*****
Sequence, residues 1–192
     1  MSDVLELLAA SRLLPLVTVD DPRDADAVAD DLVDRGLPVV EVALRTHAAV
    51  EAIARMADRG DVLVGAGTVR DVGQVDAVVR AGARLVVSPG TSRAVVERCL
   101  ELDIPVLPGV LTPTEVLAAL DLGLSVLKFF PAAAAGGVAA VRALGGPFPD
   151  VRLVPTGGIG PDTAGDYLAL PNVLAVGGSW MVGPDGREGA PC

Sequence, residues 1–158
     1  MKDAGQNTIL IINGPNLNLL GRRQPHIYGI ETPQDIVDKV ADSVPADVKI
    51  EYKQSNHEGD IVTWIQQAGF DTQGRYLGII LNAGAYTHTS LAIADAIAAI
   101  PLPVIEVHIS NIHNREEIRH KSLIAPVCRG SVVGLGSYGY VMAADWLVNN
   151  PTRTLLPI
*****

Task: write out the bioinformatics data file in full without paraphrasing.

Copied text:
Sequence, residues 1–192
     1  MSDVLELLAA SRLLPLVTVD DPRDADAVAD DLVDRGLPVV EVALRTHAAV
    51  EAIARMADRG DVLVGAGTVR DVGQVDAVVR AGARLVVSPG TSRAVVERCL
   101  ELDIPVLPGV LTPTEVLAAL DLGLSVLKFF PAAAAGGVAA VRALGGPFPD
   151  VRLVPTGGIG PDTAGDYLAL PNVLAVGGSW MVGPDGREGA PC

Sequence, residues 1–158
     1  MKDAGQNTIL IINGPNLNLL GRRQPHIYGI ETPQDIVDKV ADSVPADVKI
    51  EYKQSNHEGD IVTWIQQAGF DTQGRYLGII LNAGAYTHTS LAIADAIAAI
   101  PLPVIEVHIS NIHNREEIRH KSLIAPVCRG SVVGLGSYGY VMAADWLVNN
   151  PTRTLLPI